MS. PERINO: Well, I'll be with you for the weekend, and as there are updates available, I'll provide them. I don't anticipate anything; there's certainly nothing on the schedule yet that's public. We'll let you know if that changes. But I think right now what you'll see, if there's any comment it will probably be coming from the Secretary of State.
Q He'll be making phone calls, I assume, consulting with allies and staff during that time?
MS. PERINO: We'll keep you updated on calls.
Q Were you aware of Rockey Vaccarella's political background? Was he invited to meet with the President because he supports the President?
MS. PERINO: I checked into that, and at the time of invitation, no, there was no knowledge of his political affiliation.
Q You didn't know he had ever been a Republican candidate?
MS. PERINO: No, he was not invited -- he was invited before anybody knew that.
Q And were you aware that he was going to endorse the President for a third term? (Laughter.)
MS. PERINO: No. And, believe me, I think staff thinks that two are plenty. (Laughter.) I don't think it was a secret that Rockey Vaccarella had been supportive of the federal effort and he had said supportive things about the President, as well. He asked to make sure that the President doesn't forget the Katrina victims, and the President reaffirmed that he will not.
Q Why does the staff think two terms is enough?
MS. PERINO: Because I'm tired. (Laughter.)
Q President Bush is going to be meeting with the South Korean President on September 14th. Could you talk a little bit about what President Bush's intentions are in terms of pushing for lowering of trade barriers, particularly against U.S.-made autos?
MS. PERINO: I am wholly unprepared for that question, so I'll either have to attach a footnote to the briefing or refer you to the National Security Council for more later.
Q Does the President support Italy leading the U.N. peacekeeping force in Lebanon? And did he express any frustrations to Secretary Annan today about that?
MS. PERINO: I'm not aware of him expressing frustrations to Secretary Annan. What the President called for is that leadership should be forthcoming quickly for the international force, but he did not endorse a particular country leading it, no.
Q It was two days ago that he called for that. Is there any concern within the White House that, here we are two days later and still --
MS. PERINO: No, I think, as I said before, Secretary Annan said that there had been some progress, so that's a positive step.
Lester, I can't wait.
Q I have two questions, and could I say that I think you're doing very well.
MS. PERINO: Thank you.
Q At the most recent Democratic National Committee's meeting, they voted by voice vote to penalize any presidential candidate who campaigns in any state that refused to follow a prescribed calendar of primaries and caucuses by stripping that candidate of his or her delegates at the Democratic National Convention.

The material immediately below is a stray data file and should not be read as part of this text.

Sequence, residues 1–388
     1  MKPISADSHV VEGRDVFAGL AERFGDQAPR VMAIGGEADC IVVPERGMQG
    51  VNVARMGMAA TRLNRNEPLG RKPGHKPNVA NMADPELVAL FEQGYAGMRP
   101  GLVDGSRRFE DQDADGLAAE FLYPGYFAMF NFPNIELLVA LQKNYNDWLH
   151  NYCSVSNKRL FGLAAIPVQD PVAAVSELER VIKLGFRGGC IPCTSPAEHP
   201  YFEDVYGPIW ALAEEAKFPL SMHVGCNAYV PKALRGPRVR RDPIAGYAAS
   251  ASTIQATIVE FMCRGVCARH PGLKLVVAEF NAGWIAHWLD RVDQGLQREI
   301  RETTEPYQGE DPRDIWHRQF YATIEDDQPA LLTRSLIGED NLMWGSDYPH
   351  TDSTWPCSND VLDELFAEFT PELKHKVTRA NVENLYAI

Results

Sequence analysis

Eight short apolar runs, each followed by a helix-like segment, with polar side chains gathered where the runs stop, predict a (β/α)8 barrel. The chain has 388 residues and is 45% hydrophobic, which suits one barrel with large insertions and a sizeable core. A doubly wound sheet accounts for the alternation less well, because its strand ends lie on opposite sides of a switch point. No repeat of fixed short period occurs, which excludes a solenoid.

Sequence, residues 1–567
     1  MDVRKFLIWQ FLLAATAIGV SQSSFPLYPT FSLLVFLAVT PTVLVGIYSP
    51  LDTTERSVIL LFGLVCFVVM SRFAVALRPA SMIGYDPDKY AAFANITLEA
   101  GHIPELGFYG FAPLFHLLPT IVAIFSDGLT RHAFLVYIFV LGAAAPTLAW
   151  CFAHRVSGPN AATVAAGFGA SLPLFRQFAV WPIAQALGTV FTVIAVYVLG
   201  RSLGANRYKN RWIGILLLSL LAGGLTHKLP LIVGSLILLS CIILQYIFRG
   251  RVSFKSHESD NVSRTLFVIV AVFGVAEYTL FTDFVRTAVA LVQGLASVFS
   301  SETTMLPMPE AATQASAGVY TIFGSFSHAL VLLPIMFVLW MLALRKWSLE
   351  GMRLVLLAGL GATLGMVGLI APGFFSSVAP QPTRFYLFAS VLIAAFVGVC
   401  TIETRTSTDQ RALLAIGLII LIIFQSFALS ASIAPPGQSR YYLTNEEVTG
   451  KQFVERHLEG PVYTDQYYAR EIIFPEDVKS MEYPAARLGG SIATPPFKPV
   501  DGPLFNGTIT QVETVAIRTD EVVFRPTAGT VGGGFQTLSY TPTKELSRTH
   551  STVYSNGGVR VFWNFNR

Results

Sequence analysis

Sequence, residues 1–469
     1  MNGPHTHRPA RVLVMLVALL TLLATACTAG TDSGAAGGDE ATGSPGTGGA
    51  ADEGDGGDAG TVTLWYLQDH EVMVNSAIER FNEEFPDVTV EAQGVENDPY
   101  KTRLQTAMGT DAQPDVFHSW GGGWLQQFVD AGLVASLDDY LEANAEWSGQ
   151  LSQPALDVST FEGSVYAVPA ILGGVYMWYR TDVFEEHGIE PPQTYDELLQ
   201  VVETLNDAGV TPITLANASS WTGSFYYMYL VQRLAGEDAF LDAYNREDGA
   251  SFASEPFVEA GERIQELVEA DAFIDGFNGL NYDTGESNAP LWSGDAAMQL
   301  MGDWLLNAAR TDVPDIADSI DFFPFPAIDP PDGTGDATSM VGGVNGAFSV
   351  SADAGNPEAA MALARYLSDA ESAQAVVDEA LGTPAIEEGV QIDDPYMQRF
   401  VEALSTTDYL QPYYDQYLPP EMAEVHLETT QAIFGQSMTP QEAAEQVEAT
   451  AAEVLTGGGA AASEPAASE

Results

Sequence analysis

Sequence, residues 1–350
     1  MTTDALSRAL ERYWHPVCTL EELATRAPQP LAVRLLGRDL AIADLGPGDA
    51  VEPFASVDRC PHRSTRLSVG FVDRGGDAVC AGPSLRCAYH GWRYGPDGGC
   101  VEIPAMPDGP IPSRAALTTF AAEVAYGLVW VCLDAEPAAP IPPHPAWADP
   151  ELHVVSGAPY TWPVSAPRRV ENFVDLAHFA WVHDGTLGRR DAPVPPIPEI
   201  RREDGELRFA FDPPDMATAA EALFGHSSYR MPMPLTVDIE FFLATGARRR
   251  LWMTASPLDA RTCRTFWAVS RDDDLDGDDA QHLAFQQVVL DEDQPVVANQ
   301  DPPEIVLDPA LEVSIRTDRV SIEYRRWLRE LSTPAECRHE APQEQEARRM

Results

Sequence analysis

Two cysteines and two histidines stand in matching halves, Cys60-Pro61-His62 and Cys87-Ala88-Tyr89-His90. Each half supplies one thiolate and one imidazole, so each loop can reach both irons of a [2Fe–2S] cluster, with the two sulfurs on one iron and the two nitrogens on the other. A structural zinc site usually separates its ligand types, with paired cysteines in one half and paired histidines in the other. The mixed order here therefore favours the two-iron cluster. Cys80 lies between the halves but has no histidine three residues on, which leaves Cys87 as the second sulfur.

MS. PERINO: And your question is?
Q My question is: Does this sound at all democratic to the President? Or does he believe it's the latest political totalitarianism of Howard Dean?
MS. PERINO: The President doesn't get involved in the Democrats' decisions. The Republican Party has decided to leave those matters to the state and local parties, so we're not going to get involved.
Q On Monday, The New York Times reported that Tony Snow refused to say the President will support and campaign for Connecticut Republican nominee, Alan Schlesinger. My question: This is primarily because Lamont, the Democratic nominee, has accepted public support from Al Sharpton, Jesse Jackson, and Maxine Waters, and Schlesinger --
MS. PERINO: And your question is?
Q -- has slipped to a single digit. Isn't this the reason Tony didn't want to answer that question? Or would you like to answer the question?
MS. PERINO: I'm going to leave it where the President left it on Monday, and I will give you that transcript so that you have it.
Q He will not campaign for this Republican, will he?
MS. PERINO: He will not.
Q One quick one. The office of Afghan President Karzai says the President invited him to the White House and he's coming. The office of Pakistani President Musharraf put out a statement also saying that he'd been invited and he's coming. Why hasn't the White House confirmed the visits?
MS. PERINO: There's just no announcement yet, but if there is, we'll certainly update you.
Q Just a quick follow on Iran. The House Intelligence Committee put out a report today, talking about threats from Iran, but also specifically said the intelligence community has to do a better job of analyzing what capacity there is for Iran in terms of building and trying to obtain nuclear weapons. What steps do you think the White House has taken, the administration has taken in general, to make sure that the intelligence reports about Iran's nuclear ambitions are not off the mark like the Iraqi WMD reports were?
MS. PERINO: I think that goes back to -- the President acknowledged that the intelligence was poor, and one of the ways that he addressed that was a wholesale transformation of the intelligence community. And the DNI's office, Director of National Intelligence, led by John Negroponte, is now coordinating efforts, and that seems to be working better. And I think that we saw that a couple of weeks ago. I've heard that the coordination amongst the intelligence agencies, not only interagency here in America, but working with our allies overseas when the Brits were able to foil that terror plot, that it was working better. I can't tell you any specifics, of course, but that was my sense.